Over the past year, a lot of calls have come in from readers seeking sequential quarterly sales results–that is, quarter to previous quarter–followed by annual sales comparisons such as most recent quarter versus same quarter last year.
Some are looking for half-year results, also sequential. (Of course, at year-end, they want year over year, same as always.)
This attention to very recent results, quarter to previous quarter, is new.
In past years, most industry professionals seemed to be satisfied with data comparing the most recent quarter to the same period in the previous year.
The shift is worth noting because the inquiries are not coming just from data junkies. They are also coming from company researchers and executives, agency and brokerage heads, consultants and other business leaders–professionals who are mindfully scoping out something specific that they need for decision-making, sooner rather than later.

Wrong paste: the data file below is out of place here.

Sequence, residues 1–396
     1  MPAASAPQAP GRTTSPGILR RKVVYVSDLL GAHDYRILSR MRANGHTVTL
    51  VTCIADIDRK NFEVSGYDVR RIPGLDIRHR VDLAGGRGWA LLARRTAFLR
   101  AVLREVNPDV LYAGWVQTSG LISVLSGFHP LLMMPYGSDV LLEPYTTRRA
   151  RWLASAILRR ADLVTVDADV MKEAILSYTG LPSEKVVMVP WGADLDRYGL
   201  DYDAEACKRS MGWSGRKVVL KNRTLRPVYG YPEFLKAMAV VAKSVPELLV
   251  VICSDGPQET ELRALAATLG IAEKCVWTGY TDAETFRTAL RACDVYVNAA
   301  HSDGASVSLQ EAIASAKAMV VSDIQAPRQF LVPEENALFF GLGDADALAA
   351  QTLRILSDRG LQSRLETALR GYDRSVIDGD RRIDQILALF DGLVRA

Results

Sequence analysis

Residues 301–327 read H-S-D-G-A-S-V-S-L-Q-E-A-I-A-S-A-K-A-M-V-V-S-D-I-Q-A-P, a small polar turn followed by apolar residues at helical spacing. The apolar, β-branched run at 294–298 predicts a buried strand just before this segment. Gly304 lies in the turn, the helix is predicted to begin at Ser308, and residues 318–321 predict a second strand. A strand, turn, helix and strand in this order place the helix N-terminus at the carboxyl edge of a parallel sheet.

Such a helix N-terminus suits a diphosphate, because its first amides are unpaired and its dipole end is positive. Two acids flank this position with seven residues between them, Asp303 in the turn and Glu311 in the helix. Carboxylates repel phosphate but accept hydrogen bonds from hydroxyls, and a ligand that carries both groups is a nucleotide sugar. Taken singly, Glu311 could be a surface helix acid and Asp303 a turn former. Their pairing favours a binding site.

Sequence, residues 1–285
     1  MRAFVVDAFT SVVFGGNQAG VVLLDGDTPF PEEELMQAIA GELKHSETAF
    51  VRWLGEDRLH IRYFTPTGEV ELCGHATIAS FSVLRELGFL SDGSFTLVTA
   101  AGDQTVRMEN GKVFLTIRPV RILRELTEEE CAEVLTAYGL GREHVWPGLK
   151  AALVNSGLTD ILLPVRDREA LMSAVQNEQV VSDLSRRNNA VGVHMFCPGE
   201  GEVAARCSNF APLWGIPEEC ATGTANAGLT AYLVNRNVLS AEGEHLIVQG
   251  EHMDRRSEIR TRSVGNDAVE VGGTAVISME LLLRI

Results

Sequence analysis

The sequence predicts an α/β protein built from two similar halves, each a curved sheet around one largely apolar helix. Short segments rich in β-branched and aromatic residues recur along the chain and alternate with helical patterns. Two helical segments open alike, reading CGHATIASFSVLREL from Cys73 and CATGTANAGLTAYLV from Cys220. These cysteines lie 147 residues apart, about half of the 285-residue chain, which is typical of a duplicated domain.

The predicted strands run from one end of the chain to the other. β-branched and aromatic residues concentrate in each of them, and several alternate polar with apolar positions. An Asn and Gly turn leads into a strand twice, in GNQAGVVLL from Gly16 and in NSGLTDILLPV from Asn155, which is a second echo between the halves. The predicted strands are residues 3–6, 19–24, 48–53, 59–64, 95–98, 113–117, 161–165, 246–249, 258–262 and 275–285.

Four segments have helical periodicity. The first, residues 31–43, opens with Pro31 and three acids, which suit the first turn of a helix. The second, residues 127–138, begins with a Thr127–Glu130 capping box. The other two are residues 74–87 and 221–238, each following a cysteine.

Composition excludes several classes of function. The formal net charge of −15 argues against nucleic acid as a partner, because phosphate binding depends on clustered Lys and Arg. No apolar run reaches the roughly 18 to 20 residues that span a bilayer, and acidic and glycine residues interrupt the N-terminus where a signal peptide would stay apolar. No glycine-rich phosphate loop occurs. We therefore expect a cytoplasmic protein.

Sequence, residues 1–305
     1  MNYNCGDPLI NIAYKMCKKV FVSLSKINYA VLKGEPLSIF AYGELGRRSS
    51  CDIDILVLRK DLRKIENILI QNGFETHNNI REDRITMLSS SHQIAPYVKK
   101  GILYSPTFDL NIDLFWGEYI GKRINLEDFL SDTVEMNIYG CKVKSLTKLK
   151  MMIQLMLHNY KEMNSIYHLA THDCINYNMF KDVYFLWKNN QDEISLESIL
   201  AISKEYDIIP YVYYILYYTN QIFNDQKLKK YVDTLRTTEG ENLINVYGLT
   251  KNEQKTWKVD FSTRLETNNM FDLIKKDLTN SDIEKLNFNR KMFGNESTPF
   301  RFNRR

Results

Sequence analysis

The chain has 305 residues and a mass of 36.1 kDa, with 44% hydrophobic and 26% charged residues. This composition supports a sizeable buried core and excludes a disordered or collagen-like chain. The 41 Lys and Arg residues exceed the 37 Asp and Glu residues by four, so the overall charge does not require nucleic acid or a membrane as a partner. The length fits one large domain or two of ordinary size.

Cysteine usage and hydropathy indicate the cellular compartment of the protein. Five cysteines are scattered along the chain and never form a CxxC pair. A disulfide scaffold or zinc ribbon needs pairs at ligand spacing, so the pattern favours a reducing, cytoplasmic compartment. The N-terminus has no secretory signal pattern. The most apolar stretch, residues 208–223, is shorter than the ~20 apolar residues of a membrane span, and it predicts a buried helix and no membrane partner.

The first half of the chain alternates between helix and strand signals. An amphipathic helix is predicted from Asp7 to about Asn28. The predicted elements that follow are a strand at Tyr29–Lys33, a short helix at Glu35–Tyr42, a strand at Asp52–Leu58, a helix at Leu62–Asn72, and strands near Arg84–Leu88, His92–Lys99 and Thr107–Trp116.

Their sense of urgency is palpable, and their comments about that are revealing.
As I understand it, the economy has been so volatile, and sales have been so bumpy, that some of these professionals have decided they really need to give more heed to current sequential data than before.
A big move, up or down, from the previous quarter means something to them. For instance, it may mean it’s time to decide whether to cut, curb, curtail, redirect, beef up, or otherwise change products and strategy. They feel they do not have the luxury of a long wait-and-see before taking decisive action.
Business 101 typically warns that acting only on recent results can create problems from which a firm may never recover. But in periods of big change, some insurance firms can, and do, move fast.
Consider: The recent recession officially started at the end of 2007. Variable annuity sales, which typically slow when markets decline, dropped 12% in first quarter 2008 compared to the previous quarter. They dropped a bit more the following quarter (compared to first quarter) but sank further in third quarter (by 10% compared to second quarter). This data is from VARDS, a service of Morningstar, Inc., Chicago.
Meanwhile, as the downturn deepened, many VA insurers grew concerned about the sustainability of their VA living benefit guarantees. Presto! By the second half, some of those insurers were trimming back, removing or increasing prices on those guarantees–moves that advisors said made VAs even harder to sell.